As Cybric's Chief Technology Officer, Mike D. Kail is responsible for the strategic vision and technical direction of the platform. Prior to founding Cybric, Mike was Yahoo's CIO and SVP of Infrastructure, where he led the IT and Data Center functions for the company. He has more than 24 years of IT Operations experience with a focus on highly-scalable architectures.
The explosion of new web/cloud/IoT-based applications and the data they generate are transforming our world right before our eyes. In this rush to adopt these new technologies, organizations are often ignoring fundamental questions concerning who owns the data and failing to ask for permission to conduct invasive surveillance of their customers. Organizations that are not transparent about how their systems gather data telemetry without offering shared data ownership risk product rejection, regu...
CI/CD is conceptually straightforward, yet often technically intricate to implement since it requires time and opportunities to develop intimate understanding on not only DevOps processes and operations, but likely product integrations with multiple platforms. This session intends to bridge the gap by offering an intense learning experience while witnessing the processes and operations to build from zero to a simple, yet functional CI/CD pipeline integrated with Jenkins, Github, Docker and Azure...
René Bostic is the Technical VP of the IBM Cloud Unit in North America. Enjoying her career with IBM during the modern millennial technological era, she is an expert in cloud computing, DevOps and emerging cloud technologies such as Blockchain. Her strengths and core competencies include a proven record of accomplishments in consensus building at all levels to assess, plan, and implement enterprise and cloud computing solutions. René is a member of the Society of Women Engineers (SWE) and a m...
Dhiraj Sehgal works in Delphix's product and solution organization. His focus has been DevOps, DataOps, private cloud and datacenters customers, technologies and products. He has wealth of experience in cloud focused and virtualized technologies ranging from compute, networking to storage. He has spoken at Cloud Expo for last 3 years now in New York and Santa Clara.
Enterprises are striving to become digital businesses for differentiated innovation and customer-centricity. Traditionally, they focused on digitizing processes and paper workflow. To be a disruptor and compete against new players, they need to gain insight into business data and innovate at scale. Cloud and cognitive technologies can help them leverage hidden data in SAP/ERP systems to fuel their businesses to accelerate digital transformation success.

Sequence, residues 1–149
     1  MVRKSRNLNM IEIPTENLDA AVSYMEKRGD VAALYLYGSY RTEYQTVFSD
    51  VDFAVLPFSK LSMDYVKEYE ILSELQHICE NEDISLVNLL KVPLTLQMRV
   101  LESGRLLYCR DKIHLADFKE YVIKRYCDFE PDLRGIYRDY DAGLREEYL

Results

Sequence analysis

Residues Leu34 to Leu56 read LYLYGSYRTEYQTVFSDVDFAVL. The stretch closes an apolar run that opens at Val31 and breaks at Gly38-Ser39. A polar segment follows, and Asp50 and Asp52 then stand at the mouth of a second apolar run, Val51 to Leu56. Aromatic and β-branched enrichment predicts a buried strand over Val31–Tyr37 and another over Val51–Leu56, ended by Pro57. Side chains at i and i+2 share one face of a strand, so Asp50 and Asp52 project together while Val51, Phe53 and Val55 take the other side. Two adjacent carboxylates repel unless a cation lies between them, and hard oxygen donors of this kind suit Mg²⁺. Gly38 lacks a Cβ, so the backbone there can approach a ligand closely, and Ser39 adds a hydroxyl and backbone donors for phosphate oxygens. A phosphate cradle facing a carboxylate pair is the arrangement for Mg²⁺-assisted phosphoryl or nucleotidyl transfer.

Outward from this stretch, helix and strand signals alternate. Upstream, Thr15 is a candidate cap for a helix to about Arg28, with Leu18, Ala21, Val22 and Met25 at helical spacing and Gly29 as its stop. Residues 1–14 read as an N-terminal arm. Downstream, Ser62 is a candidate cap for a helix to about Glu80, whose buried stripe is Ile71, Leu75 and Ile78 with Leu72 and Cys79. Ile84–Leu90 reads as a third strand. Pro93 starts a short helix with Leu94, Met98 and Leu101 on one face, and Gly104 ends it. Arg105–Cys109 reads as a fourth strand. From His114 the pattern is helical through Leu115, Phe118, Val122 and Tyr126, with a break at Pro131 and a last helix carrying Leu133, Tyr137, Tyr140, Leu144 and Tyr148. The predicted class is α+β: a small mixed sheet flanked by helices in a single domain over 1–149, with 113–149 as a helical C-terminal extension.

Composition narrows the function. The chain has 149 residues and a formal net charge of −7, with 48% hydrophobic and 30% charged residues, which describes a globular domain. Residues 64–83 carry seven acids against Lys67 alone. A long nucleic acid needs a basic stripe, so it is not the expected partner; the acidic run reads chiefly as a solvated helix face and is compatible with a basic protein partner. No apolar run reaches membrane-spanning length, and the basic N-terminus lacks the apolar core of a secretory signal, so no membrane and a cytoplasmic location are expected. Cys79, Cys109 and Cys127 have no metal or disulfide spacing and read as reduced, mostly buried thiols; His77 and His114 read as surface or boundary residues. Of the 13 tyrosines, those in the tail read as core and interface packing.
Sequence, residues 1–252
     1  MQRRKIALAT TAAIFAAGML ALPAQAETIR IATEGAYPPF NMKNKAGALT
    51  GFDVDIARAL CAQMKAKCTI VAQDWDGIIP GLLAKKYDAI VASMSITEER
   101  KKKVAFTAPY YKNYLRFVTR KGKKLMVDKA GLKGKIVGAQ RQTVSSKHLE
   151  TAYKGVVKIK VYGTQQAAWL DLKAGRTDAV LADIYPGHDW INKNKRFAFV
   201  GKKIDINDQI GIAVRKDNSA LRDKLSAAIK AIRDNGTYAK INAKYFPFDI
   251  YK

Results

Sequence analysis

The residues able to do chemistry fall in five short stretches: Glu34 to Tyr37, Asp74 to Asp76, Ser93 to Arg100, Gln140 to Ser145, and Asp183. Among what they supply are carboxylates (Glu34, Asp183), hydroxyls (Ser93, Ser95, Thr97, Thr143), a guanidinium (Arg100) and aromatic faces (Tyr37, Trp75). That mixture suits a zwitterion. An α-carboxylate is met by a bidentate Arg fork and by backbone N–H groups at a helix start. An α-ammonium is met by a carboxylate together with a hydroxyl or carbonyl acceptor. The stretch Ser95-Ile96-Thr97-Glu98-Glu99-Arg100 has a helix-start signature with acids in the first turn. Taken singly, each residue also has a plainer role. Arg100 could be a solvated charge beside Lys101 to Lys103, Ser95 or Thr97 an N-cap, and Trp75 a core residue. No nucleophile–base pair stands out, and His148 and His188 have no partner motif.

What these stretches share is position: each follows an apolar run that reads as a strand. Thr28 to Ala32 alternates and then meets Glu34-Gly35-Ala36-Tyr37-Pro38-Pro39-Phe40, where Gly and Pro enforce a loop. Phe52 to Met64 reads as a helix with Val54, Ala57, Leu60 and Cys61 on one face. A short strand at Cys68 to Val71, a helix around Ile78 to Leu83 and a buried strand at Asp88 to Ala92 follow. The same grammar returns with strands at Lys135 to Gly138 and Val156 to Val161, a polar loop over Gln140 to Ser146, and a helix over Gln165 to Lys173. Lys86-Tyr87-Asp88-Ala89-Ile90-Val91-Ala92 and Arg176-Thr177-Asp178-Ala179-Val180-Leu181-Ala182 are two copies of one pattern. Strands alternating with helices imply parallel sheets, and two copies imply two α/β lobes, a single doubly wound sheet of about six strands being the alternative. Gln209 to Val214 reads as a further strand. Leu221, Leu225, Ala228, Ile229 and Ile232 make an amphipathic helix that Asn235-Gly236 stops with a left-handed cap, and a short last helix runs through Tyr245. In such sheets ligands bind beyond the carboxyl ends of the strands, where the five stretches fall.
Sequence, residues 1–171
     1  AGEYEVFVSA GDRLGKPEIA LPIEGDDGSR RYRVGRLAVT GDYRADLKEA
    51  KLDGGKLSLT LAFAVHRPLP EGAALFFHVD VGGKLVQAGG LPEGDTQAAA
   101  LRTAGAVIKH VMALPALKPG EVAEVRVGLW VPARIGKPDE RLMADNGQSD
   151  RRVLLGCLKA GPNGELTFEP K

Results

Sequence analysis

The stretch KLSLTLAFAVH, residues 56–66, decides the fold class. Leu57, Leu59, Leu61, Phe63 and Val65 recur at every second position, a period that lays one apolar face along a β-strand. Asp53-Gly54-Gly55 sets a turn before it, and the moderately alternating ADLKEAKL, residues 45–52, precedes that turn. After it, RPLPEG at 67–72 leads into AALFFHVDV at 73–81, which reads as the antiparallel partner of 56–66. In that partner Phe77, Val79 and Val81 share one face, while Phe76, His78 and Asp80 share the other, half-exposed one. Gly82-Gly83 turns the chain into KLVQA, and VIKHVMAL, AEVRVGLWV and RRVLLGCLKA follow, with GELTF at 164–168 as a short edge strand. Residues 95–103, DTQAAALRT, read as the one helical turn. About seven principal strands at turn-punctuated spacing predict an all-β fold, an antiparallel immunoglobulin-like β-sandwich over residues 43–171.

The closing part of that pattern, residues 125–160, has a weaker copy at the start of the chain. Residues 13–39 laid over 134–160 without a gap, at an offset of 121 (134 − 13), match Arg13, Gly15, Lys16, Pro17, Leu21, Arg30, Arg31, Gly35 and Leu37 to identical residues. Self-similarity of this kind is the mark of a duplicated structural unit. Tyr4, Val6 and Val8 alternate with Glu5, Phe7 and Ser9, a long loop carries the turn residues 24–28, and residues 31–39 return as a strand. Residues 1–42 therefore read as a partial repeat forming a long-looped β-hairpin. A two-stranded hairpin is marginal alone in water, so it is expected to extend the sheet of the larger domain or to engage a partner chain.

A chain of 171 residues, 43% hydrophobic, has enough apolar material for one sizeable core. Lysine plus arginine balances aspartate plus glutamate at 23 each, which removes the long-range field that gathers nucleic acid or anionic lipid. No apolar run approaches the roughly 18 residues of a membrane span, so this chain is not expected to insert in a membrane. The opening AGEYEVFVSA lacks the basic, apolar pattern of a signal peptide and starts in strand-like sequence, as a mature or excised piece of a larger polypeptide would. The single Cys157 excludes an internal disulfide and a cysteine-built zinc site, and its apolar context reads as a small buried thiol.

Containers and Kubernetes allow for code portability across on-premise VMs, bare metal, or multiple cloud provider environments. Yet, despite this portability promise, developers may include configuration and application definitions that constrain or even eliminate application portability. In this session we'll describe best practices for "configuration as code" in a Kubernetes environment. We will demonstrate how a properly constructed containerized app can be deployed to both Amazon and Azure ...
Poor data quality and analytics drive down business value. In fact, Gartner estimated that the average financial impact of poor data quality on organizations is $9.7 million per year. But bad data is much more than a cost center. By eroding trust in information, analytics and the business decisions based on these, it is a serious impediment to digital transformation.
Digital Transformation: Preparing Cloud & IoT Security for the Age of Artificial Intelligence. As automation and artificial intelligence (AI) power solution development and delivery, many businesses need to build backend cloud capabilities. Well-poised organizations, marketing smart devices with AI and BlockChain capabilities prepare to refine compliance and regulatory capabilities in 2018. Volumes of health, financial, technical and privacy data, along with tightening compliance requirements by...
Predicting the future has never been more challenging - not because of the lack of data but because of the flood of ungoverned and risk laden information. Microsoft states that 2.5 exabytes of data are created every day. Expectations and reliance on data are being pushed to the limits, as demands around hybrid options continue to grow.